a limp is not that uncommon. Of course there are some ignorant people
out there but chances are most aren't intentionally trying to make
you feel uncomfortable so you may have to politely let them know
that they are staring. A sentence like "Hi, I'm up here"
when they are not making eye contact may do the trick. Other than
that, the solution comes down to developing your inner self so that
you feel confident about who you are and believe deeply that you
are much more than your physical appearance. You may be able to
do this through reading self-esteem books (such as Simple Abundance
by Sarah Ban Breathnatch or In the Spirit by Susan Taylor),
creating affirmations that remind you of your many gifts or through
professional counseling. Please do whatever it takes so that you
will be able to freely share your knowledge, courage and wisdom
with those who are waiting for you to do so.
Dear Heart to Heart:
I recently married someone who is White. Although many people in
my family accept this marriage, there are still casual acquaintances
who make sweeping comments about Whites when I'm in their presence.
Note: I am not suggesting that my marriage obliterates all of the
historic bad blood between Blacks and Whites but I feel that these
generalizations are sometimes just as hateful and bigoted as the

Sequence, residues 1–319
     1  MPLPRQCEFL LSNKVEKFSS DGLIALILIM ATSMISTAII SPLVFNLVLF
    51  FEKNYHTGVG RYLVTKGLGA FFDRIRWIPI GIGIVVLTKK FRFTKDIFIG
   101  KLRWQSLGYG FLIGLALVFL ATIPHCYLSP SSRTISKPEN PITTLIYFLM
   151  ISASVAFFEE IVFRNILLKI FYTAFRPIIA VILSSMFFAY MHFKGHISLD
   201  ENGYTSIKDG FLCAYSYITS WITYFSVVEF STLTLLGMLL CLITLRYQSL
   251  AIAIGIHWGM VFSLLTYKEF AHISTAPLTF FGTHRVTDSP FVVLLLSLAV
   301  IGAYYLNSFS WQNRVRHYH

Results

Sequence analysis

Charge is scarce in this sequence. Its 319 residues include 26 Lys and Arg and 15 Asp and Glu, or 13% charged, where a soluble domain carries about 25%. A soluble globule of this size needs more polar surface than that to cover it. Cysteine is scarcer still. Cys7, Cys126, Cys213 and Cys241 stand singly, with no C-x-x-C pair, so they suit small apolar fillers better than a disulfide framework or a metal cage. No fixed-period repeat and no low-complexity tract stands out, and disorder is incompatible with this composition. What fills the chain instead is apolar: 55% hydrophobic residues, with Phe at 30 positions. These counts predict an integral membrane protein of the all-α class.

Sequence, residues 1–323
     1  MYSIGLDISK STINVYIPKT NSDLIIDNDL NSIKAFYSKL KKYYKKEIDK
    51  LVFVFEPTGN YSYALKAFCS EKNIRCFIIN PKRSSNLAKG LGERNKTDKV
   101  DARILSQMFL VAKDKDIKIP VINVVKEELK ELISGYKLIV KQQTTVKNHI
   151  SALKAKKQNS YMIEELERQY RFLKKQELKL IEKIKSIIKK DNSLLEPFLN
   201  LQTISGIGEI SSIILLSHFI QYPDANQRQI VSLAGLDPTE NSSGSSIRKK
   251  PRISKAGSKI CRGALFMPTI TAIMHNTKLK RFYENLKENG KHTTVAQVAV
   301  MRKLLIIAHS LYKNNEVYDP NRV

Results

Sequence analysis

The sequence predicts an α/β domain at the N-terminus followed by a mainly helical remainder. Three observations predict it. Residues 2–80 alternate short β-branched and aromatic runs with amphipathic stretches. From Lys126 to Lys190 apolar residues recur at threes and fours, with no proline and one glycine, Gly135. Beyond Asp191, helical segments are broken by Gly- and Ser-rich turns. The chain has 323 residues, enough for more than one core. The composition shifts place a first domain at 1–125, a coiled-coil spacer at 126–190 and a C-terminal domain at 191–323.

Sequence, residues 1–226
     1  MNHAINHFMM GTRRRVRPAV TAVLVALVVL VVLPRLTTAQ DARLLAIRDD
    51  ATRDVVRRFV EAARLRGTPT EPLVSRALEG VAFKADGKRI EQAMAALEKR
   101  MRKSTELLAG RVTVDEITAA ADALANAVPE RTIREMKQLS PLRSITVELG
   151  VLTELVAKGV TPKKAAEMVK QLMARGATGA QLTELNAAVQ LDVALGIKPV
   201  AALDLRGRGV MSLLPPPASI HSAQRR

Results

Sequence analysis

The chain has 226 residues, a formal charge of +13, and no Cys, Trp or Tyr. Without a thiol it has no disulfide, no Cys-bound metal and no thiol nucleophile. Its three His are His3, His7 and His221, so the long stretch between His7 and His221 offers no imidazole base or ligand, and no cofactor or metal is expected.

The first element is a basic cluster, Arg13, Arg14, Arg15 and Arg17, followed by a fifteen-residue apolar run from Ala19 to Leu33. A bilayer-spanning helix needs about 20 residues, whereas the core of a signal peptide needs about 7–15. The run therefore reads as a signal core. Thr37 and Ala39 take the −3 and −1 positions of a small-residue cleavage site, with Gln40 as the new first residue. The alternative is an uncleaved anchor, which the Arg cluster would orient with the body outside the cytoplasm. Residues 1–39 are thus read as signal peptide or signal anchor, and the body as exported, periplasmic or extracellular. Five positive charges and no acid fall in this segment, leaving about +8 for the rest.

ones they complain about from Whites. Whenever these comments arise,
I feel conflicted. If I don't say anything, I feel like I'm betraying
my husband, and if I do say something, I feel misunderstood and
defensive. Any advice about how to deal would be appreciated.
—Pulled in Two Directions
I sometimes wish, to paraphrase the words of Rodney King, that
we could all just "get along." But, you're right, there's
so much history between the races and a lot of hurt and pain, as
you alluded to. Have you discussed this with your husband? I'm sure
he gets the same situations in reverse. How does he handle them?
Try to let go of this idea of betraying him, first by discussing
those precise feelings with him. Would you want him to defend your
race in every conversation with an ignorant soul? If he should choose
not to, would you feel betrayed? Once you two come to an understanding